Octopus

Discussion in 'Aquarium Nutrition' started by edc_aquarium, Dec 12, 2017.

  1. edc_aquarium

    edc_aquarium Active Member

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    I was at my local fish store today and I noticed he had an octopus for sale and I was really thinking about getting it for my nano tank the octopus is only 2 inches big so it would have time to grow
     
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  2. Tuffyyyyy

    Tuffyyyyy Well-Known Member

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    An octopus would be pretty cool but I've really only seen people get talked out of keeping them. My understanding is that they're nocturnal so you'll rarely see them, they only live 6-12 months, and they're going to take every opportunity to try and escape.
     
  3. Dsnakes

    Dsnakes Knight Reefer R2R Supporter R2R Excellence Award Reef Squad Build Thread Contributor Partner Member 2018

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    I have read a fair amount on them. They have extremely short life cycles in aquaria, and very specific care requirements. They can escape out of virtually anything as well
     
  4. Gareth elliott

    Gareth elliott Valuable Member NJRC Member

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    Besides the reasons mentioned above.
    -Octopi use ink when frightened, in a tank with normal levels of filtration everything dies if this happens.
    -keeping one fed is almost a full time job. And will cost a fortune.
    -Amongst the smartest animals on the planet. This is more like a wet pet. Must be kept entertained. Akin this to buying a dog that you left alone in small room with 2-3 toys, you fed and walked away everyday, except octopi are smarter than a dog in many ways.
     
  5. chipmunkofdoom2

    chipmunkofdoom2 Always Making Something R2R Supporter R2R Excellence Award Reef Squad Article Contributor

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    What @Tuffyyyyy said. Most octopuses have a maximum lifespan of 3 to 5 years, and that's with perfect care and conditions. Most in captivity only live 2-3, and the pygmy octopus has a notoriously short life. You really can't expect them to live longer than two years and most are a year or so old when they arrive in the LFS. So you have a year with your octopus, absolute best case scenario.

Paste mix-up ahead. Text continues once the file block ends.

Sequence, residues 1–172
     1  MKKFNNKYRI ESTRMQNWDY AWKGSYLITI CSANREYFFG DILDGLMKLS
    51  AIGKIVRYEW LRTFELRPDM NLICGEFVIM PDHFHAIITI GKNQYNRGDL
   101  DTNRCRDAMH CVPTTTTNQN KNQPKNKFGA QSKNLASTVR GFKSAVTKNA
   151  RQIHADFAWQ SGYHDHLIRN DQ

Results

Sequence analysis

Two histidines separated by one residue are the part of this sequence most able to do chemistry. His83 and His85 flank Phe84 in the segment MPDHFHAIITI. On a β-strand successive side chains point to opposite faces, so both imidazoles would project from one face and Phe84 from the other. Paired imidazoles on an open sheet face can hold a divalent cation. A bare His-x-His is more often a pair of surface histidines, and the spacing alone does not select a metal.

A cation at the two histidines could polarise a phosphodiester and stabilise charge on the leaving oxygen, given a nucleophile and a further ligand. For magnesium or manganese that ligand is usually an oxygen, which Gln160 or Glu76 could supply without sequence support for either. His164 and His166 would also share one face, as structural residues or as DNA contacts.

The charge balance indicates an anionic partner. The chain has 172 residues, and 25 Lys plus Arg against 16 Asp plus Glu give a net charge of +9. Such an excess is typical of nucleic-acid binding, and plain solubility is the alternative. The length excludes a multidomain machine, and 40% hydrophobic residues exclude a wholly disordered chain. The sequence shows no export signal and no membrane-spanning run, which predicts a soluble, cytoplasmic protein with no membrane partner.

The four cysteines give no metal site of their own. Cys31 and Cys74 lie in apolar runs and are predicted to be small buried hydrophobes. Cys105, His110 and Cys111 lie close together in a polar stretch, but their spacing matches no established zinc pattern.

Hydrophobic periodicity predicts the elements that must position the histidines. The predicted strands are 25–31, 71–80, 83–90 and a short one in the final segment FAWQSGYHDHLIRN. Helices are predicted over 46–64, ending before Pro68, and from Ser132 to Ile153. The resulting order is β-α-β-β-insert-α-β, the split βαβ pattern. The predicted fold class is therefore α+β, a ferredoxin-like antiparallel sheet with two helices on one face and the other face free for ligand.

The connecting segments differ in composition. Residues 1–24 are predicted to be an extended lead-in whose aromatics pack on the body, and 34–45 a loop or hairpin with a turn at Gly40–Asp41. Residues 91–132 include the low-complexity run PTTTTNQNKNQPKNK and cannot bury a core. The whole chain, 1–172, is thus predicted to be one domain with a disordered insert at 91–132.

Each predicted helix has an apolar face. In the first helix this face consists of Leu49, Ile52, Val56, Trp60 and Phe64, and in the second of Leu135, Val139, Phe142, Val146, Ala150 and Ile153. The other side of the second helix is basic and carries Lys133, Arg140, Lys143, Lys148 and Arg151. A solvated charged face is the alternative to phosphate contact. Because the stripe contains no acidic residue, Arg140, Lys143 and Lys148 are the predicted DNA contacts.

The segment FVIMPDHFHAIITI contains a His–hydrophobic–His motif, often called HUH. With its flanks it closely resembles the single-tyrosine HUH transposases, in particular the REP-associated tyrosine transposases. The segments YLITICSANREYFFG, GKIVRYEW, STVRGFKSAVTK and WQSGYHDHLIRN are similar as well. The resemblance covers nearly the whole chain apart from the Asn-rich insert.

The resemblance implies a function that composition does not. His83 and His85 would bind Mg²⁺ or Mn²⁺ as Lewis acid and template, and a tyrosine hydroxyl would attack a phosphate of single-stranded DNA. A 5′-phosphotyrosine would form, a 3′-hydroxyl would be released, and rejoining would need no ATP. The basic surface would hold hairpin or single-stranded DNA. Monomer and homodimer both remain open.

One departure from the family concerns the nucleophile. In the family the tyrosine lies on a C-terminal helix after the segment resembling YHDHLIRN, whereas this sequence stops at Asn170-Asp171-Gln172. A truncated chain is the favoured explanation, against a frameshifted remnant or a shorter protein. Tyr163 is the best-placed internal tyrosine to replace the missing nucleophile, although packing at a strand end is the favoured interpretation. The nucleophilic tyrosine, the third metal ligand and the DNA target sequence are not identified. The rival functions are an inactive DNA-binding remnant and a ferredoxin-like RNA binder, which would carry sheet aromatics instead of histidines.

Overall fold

I'm not saying you shouldn't attempt it, but there are a few critical things you must take into account. First, you need to make sure this is not a juvenile E. dofleini (the giant pacific octopus). These octopuses aren't necessarily giant, but their arms span probably a good 4 feet and they require a very large tank. Second, there has to be a lid on the aquarium. It doesn't necessarily have to be super tight, especially if the octopus is a pygmy, but there can be no gaps in it whatsoever. They can get through anything their eyes and beaks can fit through, and in the case of pygmys like O. joubini, that's a very, very small hole. Third, you need to be prepared to keep the tank cooler depending on the species of octopus. Some tropic species can survive at reef temperatures, but most prefer 68* - 72*, or even colder. Anything that increases the metabolic rate of an octopus decreases its lifespan. We have a Giant Pacific Octopus at the National Aquarium, and I believe we keep her exhibit between 68* and 70*F. But I don't remember for sure, so don't quote me on it. Fourth, you'll need to feed it live foods. This isn't a nutritional imperative, it's just that most octopuses are used to wild live foods. It actually can be difficult to acclimate them to prepared foods. It took us some time to train our GPO at the Aquarium to eat frozen foods, and that's with several experts and some of the best care an octopus can receive in captivity. Lastly, you'll need to make sure your filtration system is up to snuff. These animals eat a lot of food and excrete a lot of waste, so they will destroy your water quality in fairly short order if you're not careful.